Welcome to Molly’s World 1944 is a companion book to the whole Molly project. However, unlike the novels about Molly, this book is a social history providing a look at life during the war as a young person might have experienced it. The American Girls collection included this same type of book for each of their historical dolls, though much of their historical material and even some dolls have now been retired. These are truly wonderful books for familiarizing young readers with the major components of each period, and in the case of World War II, that also includes a basic introduction to the horrors of that war – the fighting and its resulting casualties, the Holocaust in Europe and the Atomic Bombs in Japan – without overwhelming them or scaring them away from ever wanting to know more. Each section includes a minimal amount of explanatory text and a collage of topical photographs, maps, letters, telegrams and other types of documents to provide a real sense of life at the time.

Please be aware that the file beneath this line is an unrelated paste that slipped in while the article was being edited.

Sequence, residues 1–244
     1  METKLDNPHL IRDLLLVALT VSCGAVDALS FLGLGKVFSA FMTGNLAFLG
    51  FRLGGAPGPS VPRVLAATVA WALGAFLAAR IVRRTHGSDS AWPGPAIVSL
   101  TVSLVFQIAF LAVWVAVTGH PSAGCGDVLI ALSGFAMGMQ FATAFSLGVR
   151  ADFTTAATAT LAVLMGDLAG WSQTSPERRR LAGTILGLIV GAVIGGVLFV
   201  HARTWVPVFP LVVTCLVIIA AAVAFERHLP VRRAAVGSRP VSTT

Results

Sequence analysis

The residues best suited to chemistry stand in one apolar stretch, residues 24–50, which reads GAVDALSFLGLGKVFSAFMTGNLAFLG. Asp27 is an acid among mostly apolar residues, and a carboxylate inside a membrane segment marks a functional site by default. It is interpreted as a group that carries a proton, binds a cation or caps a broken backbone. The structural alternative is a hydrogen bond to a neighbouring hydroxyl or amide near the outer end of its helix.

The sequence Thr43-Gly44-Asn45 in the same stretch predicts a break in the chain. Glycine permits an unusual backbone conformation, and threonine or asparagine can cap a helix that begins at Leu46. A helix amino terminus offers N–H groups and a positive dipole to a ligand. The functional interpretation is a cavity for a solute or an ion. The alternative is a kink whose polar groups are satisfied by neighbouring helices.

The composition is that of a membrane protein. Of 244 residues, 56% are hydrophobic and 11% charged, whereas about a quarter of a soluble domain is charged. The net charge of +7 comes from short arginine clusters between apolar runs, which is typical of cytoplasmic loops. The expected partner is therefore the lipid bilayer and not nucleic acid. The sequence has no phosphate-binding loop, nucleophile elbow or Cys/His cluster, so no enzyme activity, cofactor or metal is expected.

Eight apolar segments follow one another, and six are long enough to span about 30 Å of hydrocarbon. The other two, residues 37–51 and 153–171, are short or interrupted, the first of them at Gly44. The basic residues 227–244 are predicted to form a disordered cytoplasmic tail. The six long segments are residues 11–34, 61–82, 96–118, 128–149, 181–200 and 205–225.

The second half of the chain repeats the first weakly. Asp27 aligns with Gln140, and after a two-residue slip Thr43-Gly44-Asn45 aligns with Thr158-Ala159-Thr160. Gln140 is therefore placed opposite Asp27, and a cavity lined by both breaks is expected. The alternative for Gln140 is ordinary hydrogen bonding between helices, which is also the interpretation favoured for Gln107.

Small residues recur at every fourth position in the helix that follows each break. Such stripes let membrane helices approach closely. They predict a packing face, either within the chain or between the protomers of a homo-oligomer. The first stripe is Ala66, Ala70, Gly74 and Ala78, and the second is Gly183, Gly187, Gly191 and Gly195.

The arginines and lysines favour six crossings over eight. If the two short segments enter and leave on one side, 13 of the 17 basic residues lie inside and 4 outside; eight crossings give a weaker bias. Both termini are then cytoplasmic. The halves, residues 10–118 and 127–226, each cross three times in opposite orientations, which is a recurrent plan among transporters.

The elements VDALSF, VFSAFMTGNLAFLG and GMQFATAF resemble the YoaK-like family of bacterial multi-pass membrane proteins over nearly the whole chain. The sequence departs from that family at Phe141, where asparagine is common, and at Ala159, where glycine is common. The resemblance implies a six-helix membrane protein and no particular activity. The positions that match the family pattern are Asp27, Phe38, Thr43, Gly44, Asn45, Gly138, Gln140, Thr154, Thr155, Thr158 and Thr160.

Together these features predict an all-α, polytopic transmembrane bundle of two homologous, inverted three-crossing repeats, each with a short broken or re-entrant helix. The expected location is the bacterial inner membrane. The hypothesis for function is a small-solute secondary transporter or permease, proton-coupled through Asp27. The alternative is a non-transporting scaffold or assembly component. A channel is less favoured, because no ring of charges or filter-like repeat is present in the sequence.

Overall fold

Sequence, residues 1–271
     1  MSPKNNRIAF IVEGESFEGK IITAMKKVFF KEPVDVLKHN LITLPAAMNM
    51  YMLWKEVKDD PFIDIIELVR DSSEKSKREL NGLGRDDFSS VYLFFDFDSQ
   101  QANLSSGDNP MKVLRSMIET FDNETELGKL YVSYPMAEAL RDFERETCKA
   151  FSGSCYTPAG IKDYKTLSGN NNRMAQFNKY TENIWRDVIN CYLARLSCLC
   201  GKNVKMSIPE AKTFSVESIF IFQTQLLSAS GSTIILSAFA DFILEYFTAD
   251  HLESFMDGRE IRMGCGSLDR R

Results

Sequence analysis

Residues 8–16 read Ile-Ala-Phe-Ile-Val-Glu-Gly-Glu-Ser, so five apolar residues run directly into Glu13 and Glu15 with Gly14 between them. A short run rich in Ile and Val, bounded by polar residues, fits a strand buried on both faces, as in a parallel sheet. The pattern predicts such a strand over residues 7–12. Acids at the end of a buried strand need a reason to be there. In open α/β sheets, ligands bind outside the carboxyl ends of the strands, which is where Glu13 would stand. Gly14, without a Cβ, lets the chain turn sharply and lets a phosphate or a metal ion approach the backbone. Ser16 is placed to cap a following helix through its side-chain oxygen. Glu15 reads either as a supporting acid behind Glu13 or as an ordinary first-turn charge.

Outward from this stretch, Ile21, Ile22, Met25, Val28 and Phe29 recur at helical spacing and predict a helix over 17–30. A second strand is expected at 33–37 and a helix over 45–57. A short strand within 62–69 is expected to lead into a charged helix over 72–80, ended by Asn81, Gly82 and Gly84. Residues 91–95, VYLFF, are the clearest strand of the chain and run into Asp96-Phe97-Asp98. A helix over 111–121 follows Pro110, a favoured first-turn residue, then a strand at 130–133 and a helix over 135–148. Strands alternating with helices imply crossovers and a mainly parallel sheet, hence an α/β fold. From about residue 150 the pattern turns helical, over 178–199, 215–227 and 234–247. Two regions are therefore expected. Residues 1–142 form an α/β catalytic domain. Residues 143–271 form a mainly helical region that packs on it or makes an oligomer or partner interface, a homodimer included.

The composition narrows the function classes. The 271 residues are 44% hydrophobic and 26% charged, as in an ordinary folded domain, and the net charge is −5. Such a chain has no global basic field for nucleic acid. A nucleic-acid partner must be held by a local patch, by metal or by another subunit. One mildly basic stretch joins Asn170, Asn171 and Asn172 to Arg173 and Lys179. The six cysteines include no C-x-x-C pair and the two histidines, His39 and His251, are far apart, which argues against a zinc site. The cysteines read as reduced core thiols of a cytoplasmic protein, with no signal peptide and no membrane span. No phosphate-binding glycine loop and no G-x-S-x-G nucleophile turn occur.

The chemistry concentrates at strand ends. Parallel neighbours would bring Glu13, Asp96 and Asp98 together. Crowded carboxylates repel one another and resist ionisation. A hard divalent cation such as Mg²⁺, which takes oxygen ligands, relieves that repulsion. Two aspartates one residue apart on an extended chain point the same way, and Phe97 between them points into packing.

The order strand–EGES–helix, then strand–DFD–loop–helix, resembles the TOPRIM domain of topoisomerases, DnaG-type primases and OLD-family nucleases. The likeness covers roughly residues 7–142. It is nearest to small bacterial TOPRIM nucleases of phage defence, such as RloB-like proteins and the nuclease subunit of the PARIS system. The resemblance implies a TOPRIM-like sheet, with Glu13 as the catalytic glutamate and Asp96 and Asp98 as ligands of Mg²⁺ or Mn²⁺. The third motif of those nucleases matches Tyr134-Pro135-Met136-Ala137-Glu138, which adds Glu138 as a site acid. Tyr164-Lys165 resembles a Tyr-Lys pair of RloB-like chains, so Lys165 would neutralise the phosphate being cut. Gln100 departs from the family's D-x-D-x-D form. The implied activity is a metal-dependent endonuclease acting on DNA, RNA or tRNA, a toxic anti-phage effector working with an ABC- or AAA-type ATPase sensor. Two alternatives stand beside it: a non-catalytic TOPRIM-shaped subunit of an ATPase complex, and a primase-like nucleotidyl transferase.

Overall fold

But words never seem to do real justice to pictorial books and so I am letting some of the pages from Welcome to Molly’s World speak for themselves.
Another thing I did not know but was happy to discover is that the old Scotty dog pins I inherited were inspired by Roosevelt’s dog Fala, his faithful companion throughout the war (pg 15).
Welcome to Molly’s World was written by Catherine Gourley, who also wrote War, Women and the News.see The Children's War The two books are structured in a similar manner, though I think Gourley did a more cohesive job on this book, making it one that I can highly recommend.
The American Girl Company has discontinued their line of Welcome to… books, but they are still available in both public and school libraries and may still be available in some bookstores or online. Ever since Mattel bought it, the emphasis of the company has been more on the girl of today, than on the historical aspects were the foundation of the Pleasant Company, the original American Girl creator.
This book is recommended for readers aged 7-12.
This book was borrowed from the Yorkville Branch of the New York Public Library.
Non-Fiction Monday is hosted this week by Playing by the book